Coastal Landforms & Processes

Subject GEOG30001 (2015)

Note: This is an archived Handbook entry from 2015.

Credit Points: 12.5
Level: 3 (Undergraduate)
Dates & Locations:

This subject has the following teaching availabilities in 2015:

Semester 1, Parkville - Taught on campus.
Pre-teaching Period Start not applicable
Teaching Period 02-Mar-2015 to 31-May-2015
Assessment Period End 26-Jun-2015
Last date to Self-Enrol 13-Mar-2015
Census Date 31-Mar-2015
Last date to Withdraw without fail 08-May-2015

Timetable can be viewed here. For information about these dates, click here.
Time Commitment: Contact Hours: 2x1hr lectures per week (all recorded on LectureCapture), 1x3hrs practical per week and a fieldtrip (2.5days)
Total Time Commitment:

170 hours


Successful completion of one of the below, or 25 points of geography or earth sciences at second year; or equivalent as approved by the subject coordinator:

Corequisites: None
Recommended Background Knowledge:

Successful completion of one of the below, or 25 points of geography or earth sciences at second year; or equivalent as approved by the subject coordinator:

Study Period Commencement:
Credit Points:
Non Allowed Subjects: None
Core Participation Requirements:

For the purposes of considering request for Reasonable Adjustments under the Disability Standards for Education (Cwth 2005), and Student Support and Engagement Policy, academic requirements for this subject are articulated in the Subject Overview, Learning Outcomes, Assessment and Generic Skills sections of this entry.

It is University policy to take all reasonable steps to minimise the impact of disability upon academic study, and reasonable adjustments will be made to enhance a student's participation in the University's programs. Students who feel their disability may impact on meeting the requirements of this subject are encouraged to discuss this matter with a Faculty Student Adviser and Student Equity and Disability Support:


Assoc Prof David M. Kennedy


Faculty of Science
Between the Doug McDonell building and the Eastern Resource Centre (ERC)

Phone: 13 MELB (13 6352)
David Kennedy:

Subject Overview:

This subject provides a detailed synthesis of the physical processes and linkages operating within the earth’s coastal systems. The coast is one of the most intensively utilised landscapes worldwide and Australia is no exception. Population densities and development pressures are all rapidly rising providing ever increasing stress on the landscape. Intense human development is however a relatively recent phenomena. Coastal landforms operate over much longer timescales than people. Beaches and dunes have natural cycles of erosion and deposition of decadal to centennial scales while cliffs may have a history of several thousand years. It is therefore impossible to successfully manage, or simply enjoy this environment without knowledge of how it evolved and operates. During this course we will explore the operation and management of the key landforms found at the shore.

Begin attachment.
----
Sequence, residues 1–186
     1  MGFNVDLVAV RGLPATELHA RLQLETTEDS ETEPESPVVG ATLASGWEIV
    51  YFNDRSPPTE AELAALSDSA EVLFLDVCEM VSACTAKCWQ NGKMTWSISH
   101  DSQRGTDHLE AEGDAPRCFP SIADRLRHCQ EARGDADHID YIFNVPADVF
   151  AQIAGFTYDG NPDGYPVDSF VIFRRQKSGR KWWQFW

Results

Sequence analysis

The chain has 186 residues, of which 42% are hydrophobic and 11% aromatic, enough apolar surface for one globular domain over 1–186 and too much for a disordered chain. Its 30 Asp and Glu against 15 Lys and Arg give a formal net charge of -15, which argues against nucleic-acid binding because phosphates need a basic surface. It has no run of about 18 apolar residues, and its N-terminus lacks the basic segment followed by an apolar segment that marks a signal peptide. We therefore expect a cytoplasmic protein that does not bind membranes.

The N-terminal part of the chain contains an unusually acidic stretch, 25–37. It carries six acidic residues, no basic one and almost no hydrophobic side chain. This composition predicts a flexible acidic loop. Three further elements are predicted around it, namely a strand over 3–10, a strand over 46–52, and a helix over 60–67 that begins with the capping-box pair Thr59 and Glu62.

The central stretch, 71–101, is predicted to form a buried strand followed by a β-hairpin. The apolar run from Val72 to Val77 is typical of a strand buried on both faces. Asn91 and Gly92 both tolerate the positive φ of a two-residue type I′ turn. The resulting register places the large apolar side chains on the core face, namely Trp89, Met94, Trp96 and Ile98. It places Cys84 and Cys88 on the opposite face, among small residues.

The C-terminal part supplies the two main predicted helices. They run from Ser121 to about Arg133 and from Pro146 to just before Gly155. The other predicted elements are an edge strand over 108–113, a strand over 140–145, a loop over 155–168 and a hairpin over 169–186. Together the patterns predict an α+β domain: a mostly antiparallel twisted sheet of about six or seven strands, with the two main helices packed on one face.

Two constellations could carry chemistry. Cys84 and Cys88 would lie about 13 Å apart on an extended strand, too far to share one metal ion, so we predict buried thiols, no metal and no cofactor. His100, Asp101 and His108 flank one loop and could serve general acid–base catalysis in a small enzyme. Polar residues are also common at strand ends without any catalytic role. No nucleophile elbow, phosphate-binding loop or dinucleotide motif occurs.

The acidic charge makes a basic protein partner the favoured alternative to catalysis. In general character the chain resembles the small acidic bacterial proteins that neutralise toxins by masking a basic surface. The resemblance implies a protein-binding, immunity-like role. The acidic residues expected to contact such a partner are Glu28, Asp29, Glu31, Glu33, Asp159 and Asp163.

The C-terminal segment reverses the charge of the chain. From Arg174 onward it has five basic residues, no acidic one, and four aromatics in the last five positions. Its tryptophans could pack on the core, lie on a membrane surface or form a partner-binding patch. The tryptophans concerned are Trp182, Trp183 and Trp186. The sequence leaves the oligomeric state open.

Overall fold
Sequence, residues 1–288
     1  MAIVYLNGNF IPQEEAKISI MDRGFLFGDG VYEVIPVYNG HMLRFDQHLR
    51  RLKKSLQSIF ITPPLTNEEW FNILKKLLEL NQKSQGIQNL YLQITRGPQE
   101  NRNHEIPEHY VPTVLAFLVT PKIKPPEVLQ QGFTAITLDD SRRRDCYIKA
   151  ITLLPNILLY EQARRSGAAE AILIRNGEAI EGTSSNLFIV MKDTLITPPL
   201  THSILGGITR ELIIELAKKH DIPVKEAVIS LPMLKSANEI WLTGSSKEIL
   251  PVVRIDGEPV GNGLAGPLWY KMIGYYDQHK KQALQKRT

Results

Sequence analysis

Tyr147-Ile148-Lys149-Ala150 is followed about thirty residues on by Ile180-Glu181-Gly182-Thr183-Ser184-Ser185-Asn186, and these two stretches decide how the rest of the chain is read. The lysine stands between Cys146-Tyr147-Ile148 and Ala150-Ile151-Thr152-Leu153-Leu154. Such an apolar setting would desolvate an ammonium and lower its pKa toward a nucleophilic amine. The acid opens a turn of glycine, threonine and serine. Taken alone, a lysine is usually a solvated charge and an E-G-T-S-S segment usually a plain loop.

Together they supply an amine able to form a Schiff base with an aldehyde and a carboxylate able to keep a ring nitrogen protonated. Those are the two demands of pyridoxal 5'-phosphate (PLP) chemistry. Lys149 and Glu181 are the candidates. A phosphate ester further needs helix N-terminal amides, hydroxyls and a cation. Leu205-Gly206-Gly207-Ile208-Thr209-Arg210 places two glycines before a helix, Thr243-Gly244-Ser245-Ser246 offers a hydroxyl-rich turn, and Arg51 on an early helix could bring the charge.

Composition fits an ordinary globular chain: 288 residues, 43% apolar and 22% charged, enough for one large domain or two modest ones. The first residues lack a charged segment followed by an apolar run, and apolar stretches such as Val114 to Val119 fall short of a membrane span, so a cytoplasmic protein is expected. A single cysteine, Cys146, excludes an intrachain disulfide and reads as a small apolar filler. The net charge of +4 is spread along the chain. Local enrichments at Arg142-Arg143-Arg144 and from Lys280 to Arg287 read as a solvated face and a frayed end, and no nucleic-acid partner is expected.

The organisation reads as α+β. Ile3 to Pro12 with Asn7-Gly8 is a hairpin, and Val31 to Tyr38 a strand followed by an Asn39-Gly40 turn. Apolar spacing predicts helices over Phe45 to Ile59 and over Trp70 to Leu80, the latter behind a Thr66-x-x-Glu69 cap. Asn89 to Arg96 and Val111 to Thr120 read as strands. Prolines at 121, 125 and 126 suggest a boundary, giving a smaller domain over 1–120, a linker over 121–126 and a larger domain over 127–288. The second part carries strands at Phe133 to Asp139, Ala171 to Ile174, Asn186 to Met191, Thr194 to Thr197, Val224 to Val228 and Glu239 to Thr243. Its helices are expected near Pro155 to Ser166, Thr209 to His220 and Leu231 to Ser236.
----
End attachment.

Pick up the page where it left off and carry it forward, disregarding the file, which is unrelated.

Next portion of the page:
Learning Outcomes:

The objectives of this course are to provide an understanding of:

• the landforms of the coast;
• the processes that drive their evolution; and
• the management of the environmentally sensitive landscape.

Field and practical skills relevant to understanding and managing coasts are also developed in this course.

  • Essay (35%) of 2000 words (due by end of semester);
  • Attendance at, and submission of, all tasks completed within eight practical and fieldwork exercises completed within the scheduled practicals throughout the semester (15%) and
  • a 2-hour final examination (50%) to be scheduled during the examination period.

It is a hurdle requirement that students submit the written assignment, submit 80% of the laboratory work, attend 80% of the laboratories, and attend the field trip to be eligible to pass the subject.

Prescribed Texts:

Coasts(C Woodroffe), Cambridge 2003

Recommended Texts:

Introduction to Coastal Processes and Geomorphology (R Davidson-Arnott) Cambridge 2010.

Breadth Options:

This subject potentially can be taken as a breadth subject component for the following courses:

You should visit learn more about breadth subjects and read the breadth requirements for your degree, and should discuss your choice with your student adviser, before deciding on your subjects.

Fees Information: Subject EFTSL, Level, Discipline & Census Date
Generic Skills:

Upon successful completion of this subject, students will learn how to:

• critically evaluate and synthesise literature and information;
• write succinctly and accurately;
• conduct library based research;
• apply knowledge (about given examples) to new cases;
• work independently to solve problems; and
• develop competence in writing consultancies and journal entries.


Students enrolled in the BSc (both pre-2008 degree and new degrees), or a combined BSc course (except for the BA/BSc) may receive science credit on the completion of this subject.

Related Course(s): Master of Science (Geography)
Related Majors/Minors/Specialisations: Environmental Geographies, Politics and Cultures major
Environmental Geography
Environmental Science major
Environments Discipline subjects
Integrated Geography
Integrated Geography
Integrated Geography
Integrated Geography
Landscape Management major
Marine Biology
Physical Geography
Physical Geography
Physical Geography
Physical Geography
Science-credited subjects - new generation B-SCI and B-ENG.
Selective subjects for B-BMED

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